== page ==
Speaking to Fr. Stefano Gobbi and the Marian Movement of priests on June 17, 1989, the Blessed Virgin explained at length the contemporary dangers to the Church. She spoke about the mystery of iniquity, the red dragon, the black beast and the antichrist, whose name is 666. The Virgin expounded on the several implications of this apocalyptic number. ‘The number of the beast. 666, represents in the first place the year ‘six hundred and sixty-six. In this period of history the antichrist was manifested through the phenomenon of Islam, which directly denies the mystery of the divine Trinity and the divinity of Our Lord Jesus Christ. Islamism with its military force broke loose everywhere, destroying all the ancient Christian communities of Asia Minor and beyond, in the latter half of the seventh century. The ancient Roman and Christian communities in the near east were engulfed in the deluge that followed, and disappeared almost completely’ The Arab expansion swept across the northern coast of Africa and entered into Spain.

    Spain had become a part of the Roman Empire under emperor Augustus, at the beginning of the first century of the Christian era. It was in this period that Spain was also evangelized, and the Christian Church established. A legend narrates the apostolic mission of the Apostle James the lesser, who died a martyr in Jerusalem in 43 A.D. The shrine of Santiago'   (James) of Compostella is the national shrine of Catholic Spain.

    In the fifth century Hispano Roman Spain, was invaded by the ‘barbarian’ tribes from Asia: the Alans, the Vandals and other nomad tribes. They soon mixed with the older population. The dominant groups in Spain were the Visigoths (west Goths) who rapidly established their rule over the country by the end of the sixth century. Over the next two centuries the old and new inhabitants began to form the ethnic substance of a new nation. This process continued in the crucible of conquest by the Moors.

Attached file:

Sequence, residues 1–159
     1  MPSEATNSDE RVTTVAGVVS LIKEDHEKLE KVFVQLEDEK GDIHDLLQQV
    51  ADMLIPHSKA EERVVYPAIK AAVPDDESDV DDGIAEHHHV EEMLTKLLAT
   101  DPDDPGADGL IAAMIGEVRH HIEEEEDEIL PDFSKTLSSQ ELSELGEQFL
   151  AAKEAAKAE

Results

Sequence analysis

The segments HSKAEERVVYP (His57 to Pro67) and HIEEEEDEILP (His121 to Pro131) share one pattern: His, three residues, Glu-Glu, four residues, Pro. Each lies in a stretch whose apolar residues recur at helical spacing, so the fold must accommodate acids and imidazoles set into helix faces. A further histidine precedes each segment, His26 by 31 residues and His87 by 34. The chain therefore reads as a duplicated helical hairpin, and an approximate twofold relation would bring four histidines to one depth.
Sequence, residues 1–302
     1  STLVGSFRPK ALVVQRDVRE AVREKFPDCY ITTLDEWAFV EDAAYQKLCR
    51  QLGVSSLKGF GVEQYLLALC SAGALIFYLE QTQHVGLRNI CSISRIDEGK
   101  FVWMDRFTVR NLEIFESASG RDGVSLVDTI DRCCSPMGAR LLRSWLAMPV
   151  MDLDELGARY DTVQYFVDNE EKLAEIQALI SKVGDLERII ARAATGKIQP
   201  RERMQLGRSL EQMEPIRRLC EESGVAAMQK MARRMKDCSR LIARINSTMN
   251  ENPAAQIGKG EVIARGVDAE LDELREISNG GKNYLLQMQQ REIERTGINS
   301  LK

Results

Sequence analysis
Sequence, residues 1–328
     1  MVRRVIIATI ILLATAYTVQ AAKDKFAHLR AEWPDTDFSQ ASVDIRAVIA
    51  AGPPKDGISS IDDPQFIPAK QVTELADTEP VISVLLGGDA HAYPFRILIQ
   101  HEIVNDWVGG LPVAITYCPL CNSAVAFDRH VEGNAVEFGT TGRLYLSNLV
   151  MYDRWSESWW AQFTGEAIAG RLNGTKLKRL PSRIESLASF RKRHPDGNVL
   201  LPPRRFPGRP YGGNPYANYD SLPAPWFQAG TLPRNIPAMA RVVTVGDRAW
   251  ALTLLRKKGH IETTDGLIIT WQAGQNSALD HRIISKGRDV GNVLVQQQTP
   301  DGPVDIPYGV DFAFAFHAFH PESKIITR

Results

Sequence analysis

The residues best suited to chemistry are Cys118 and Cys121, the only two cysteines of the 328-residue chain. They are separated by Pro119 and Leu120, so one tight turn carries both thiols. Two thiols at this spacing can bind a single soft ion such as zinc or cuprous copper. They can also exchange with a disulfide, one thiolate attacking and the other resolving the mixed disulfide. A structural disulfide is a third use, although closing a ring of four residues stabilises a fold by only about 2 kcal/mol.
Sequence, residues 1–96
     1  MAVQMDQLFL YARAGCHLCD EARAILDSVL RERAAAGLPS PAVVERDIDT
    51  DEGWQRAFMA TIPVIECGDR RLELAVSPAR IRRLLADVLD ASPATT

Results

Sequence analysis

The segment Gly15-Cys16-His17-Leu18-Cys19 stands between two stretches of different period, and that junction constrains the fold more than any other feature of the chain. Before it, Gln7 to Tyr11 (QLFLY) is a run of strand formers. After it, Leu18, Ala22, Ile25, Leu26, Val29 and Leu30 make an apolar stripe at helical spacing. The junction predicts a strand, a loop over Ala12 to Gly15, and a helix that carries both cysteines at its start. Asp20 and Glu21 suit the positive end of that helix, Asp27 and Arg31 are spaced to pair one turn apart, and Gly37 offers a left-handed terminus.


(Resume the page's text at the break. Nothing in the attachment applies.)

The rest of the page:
In 711 a. d. the Arab conquerors established a new Islamic kingdom in Spain. They became the unquestioned leaders. Both Christian bishops and princes submitted to them. This Moorish presence continued until the end of the fifteenth century.
    The only one to resist this initial onslaught of Islam was Don Pelayo. King Rodrigo had perished in the early part of the invasion. Pelayo with a small band of knights and soldiers retreated to the dark hills and mountains of Asturia. Their little army hid for seven years preparing for the final battle. In 718 the Moors sent an entire army into Asturia with orders to destroy Don Pelayo and his men. Pelayo retired with his men to the sanctuary of the Madonna, the cave of Covadonga. Pelayo spent the night in prayer and solemnly vowed to win a victory or be ready to perish in the fray. When the Moors appeared with their immense army Pelayo and his men seemed doomed. Arrows darkened the sky, and the mountain air was filled with darts and lances. Suddenly the contenders realized that these weapons did not reach them but merely bounced off the rocks. The Moors began to flee in confusion. Pursued by this small Christian band, the enemy made for the safety of the plains at Mont Auceva. A tremendous rainstorm broke over the hills; the river Deva overflowed the banks, and a landslide of mud crushed the Saracen army.